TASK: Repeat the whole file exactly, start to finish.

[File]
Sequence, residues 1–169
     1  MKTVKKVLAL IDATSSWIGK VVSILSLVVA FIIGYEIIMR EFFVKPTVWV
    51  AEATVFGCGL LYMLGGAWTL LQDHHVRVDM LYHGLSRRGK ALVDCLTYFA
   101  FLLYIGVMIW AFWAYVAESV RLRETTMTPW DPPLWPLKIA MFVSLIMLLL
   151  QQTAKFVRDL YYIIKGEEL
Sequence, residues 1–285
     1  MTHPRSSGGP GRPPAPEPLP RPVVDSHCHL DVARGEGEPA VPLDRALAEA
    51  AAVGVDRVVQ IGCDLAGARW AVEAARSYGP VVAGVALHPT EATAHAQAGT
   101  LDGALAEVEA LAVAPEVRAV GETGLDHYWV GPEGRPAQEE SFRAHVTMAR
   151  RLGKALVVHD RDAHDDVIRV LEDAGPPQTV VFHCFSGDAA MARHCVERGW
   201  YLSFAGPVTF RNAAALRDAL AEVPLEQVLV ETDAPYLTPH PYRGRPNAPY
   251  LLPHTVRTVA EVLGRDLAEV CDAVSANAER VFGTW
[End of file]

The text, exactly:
Sequence, residues 1–169
     1  MKTVKKVLAL IDATSSWIGK VVSILSLVVA FIIGYEIIMR EFFVKPTVWV
    51  AEATVFGCGL LYMLGGAWTL LQDHHVRVDM LYHGLSRRGK ALVDCLTYFA
   101  FLLYIGVMIW AFWAYVAESV RLRETTMTPW DPPLWPLKIA MFVSLIMLLL
   151  QQTAKFVRDL YYIIKGEEL
Sequence, residues 1–285
     1  MTHPRSSGGP GRPPAPEPLP RPVVDSHCHL DVARGEGEPA VPLDRALAEA
    51  AAVGVDRVVQ IGCDLAGARW AVEAARSYGP VVAGVALHPT EATAHAQAGT
   101  LDGALAEVEA LAVAPEVRAV GETGLDHYWV GPEGRPAQEE SFRAHVTMAR
   151  RLGKALVVHD RDAHDDVIRV LEDAGPPQTV VFHCFSGDAA MARHCVERGW
   201  YLSFAGPVTF RNAAALRDAL AEVPLEQVLV ETDAPYLTPH PYRGRPNAPY
   251  LLPHTVRTVA EVLGRDLAEV CDAVSANAER VFGTW